San Luis Obispo Transit’s continued shortage of bus drivers has led to more suspended bus services and modified schedules that continually affect Cal Poly students and local residents.

The city announced in a Jan. 26 press release that bus lines 1B and 2B are suspended indefinitely due to the labor shortage. Starting Jan. 30, bus lines 3A, 3B and 4A are now running modified schedules to have more reliable services. 

Transit Assistant Jesse Stanley said the pandemic reduced bus services. Even though the community is slowly reopening, bus drivers are not returning to work. 

“Due to call-offs [from drivers], often at the last minute, routes and runs have had to be suspended with little time to alert our riders,” Stanley wrote to Mustang News. “SLO Transit is providing service based on available drivers.”

Driver shortages and high ridership levels on weekday mornings resulted in these modified services, another press release stated.

SLO Transit driver Oris Martin is one employee who’s had to miss work due to getting COVID-19. Martin said his routes have been cut shorter, which helps avoid overburdening drivers and saves the City money on the buses.

“But also, not many students are riding the bus after 10 o’clock,” Martin said.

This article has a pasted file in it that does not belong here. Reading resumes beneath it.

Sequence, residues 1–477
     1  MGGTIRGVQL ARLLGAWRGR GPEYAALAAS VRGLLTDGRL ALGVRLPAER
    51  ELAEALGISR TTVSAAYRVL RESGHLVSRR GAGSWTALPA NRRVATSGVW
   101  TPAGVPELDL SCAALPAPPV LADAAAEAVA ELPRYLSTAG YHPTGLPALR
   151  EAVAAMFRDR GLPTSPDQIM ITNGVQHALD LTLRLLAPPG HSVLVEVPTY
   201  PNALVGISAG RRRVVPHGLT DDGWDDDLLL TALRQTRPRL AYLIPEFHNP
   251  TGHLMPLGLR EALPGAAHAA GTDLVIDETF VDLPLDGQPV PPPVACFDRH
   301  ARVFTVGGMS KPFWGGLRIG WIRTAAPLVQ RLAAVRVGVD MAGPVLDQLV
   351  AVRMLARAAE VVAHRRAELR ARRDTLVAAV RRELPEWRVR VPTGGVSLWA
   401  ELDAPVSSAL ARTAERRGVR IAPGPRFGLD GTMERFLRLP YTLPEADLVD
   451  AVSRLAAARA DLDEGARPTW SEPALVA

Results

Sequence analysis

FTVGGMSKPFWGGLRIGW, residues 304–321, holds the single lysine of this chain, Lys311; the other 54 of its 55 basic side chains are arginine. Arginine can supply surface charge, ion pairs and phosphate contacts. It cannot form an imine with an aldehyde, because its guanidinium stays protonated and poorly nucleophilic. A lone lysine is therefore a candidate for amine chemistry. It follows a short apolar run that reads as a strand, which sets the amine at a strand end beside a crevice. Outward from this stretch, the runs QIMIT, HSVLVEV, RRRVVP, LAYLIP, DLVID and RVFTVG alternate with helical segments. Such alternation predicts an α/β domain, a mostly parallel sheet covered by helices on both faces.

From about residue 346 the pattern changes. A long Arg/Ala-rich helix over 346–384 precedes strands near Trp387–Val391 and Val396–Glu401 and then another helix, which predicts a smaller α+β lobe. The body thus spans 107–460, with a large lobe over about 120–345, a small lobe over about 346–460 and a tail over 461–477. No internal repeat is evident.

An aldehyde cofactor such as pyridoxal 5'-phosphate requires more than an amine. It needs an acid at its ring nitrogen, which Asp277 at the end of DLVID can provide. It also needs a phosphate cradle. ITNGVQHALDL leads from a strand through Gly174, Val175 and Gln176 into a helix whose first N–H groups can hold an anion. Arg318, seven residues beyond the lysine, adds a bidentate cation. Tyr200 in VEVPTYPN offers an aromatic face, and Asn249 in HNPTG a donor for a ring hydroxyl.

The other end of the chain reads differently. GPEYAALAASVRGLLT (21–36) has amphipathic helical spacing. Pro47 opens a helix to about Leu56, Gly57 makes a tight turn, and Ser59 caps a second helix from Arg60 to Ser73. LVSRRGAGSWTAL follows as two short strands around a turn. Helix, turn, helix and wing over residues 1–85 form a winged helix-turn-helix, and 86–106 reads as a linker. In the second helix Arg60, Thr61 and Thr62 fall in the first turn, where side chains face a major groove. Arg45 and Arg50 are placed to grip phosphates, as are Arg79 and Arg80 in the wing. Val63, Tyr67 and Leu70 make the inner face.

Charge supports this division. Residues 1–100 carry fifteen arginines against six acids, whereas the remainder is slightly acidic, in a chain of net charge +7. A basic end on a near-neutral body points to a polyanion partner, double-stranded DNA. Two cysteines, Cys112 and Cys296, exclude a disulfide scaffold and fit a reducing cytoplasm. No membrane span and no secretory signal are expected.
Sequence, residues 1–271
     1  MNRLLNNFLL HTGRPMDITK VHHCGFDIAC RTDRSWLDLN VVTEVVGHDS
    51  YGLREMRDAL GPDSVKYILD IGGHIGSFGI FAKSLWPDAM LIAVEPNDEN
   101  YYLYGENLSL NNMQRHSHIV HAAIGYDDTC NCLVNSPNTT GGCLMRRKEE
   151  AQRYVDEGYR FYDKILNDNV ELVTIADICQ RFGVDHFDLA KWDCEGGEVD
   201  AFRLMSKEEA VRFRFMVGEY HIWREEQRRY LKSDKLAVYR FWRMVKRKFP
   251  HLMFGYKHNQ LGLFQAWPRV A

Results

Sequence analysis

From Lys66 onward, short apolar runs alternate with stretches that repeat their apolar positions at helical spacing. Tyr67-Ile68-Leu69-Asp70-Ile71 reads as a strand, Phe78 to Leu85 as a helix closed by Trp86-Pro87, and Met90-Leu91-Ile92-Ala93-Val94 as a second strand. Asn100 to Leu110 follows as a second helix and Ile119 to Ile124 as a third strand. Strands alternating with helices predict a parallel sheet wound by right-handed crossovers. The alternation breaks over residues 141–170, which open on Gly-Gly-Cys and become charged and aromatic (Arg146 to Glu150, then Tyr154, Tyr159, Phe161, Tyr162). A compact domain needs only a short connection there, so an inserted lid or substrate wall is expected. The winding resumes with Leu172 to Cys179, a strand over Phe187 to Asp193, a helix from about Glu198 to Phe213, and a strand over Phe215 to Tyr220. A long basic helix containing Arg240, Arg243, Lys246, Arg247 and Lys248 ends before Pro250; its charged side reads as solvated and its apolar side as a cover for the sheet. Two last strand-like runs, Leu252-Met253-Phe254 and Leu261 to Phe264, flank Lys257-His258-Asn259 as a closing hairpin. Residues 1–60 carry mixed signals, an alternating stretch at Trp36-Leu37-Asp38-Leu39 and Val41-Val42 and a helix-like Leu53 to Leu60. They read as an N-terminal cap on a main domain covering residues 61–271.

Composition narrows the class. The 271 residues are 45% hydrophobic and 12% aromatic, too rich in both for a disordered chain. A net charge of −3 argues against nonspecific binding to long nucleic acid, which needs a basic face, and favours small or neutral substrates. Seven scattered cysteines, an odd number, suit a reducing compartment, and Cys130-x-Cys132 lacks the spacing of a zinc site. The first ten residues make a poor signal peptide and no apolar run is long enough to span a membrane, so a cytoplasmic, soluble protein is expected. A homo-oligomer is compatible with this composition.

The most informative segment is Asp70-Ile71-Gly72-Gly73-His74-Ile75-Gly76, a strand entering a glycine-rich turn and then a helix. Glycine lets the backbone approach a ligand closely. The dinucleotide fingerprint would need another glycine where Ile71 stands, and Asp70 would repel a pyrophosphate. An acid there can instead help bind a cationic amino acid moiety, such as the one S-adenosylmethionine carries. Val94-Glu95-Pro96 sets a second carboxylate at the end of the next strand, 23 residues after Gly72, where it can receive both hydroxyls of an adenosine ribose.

Cal Poly students and staff represent roughly 50 to 60% of the SLO Transit ridership. However, Martin told Mustang News the shorter hours also leave some community members who are elderly or people with disabilities without transportation.

Each of the four numbered routes the city has to offer consist of an A and B track. The A track travels in a clockwise direction, whereas the B track travels in a counterclockwise direction. This system ultimately works to reduce travel times for transit riders.

Click here to view the new SLO Transit schedule.

Schedule modifications suspend particular timings for routes 3A (which travels from Cal Poly to the Amtrak Station) and 4A (which travels from Foothill to Monterey).

“This is the first I have heard of it,” Monforte said. “[The suspended services are] definitely an issue for me.”

Monforte takes the bus every day to get to and from school for classes and an on-campus job.

SLO Transit will reinstate all suspended or modified services once they recruit and train additional drivers.

“Working for the city is kind of like gratification when you can still be there for people that can’t get around on a normal day-to-day without the bus,” Martin said. “You’re looking out for the community the best way you can and doing the job you’re paid for, so it’s kind of like a win-win in a lot of regards.”

All inquiries can be shared with SLO Transit through or (805) 541-2877.

Catherine Allen contributed reporting to this article.

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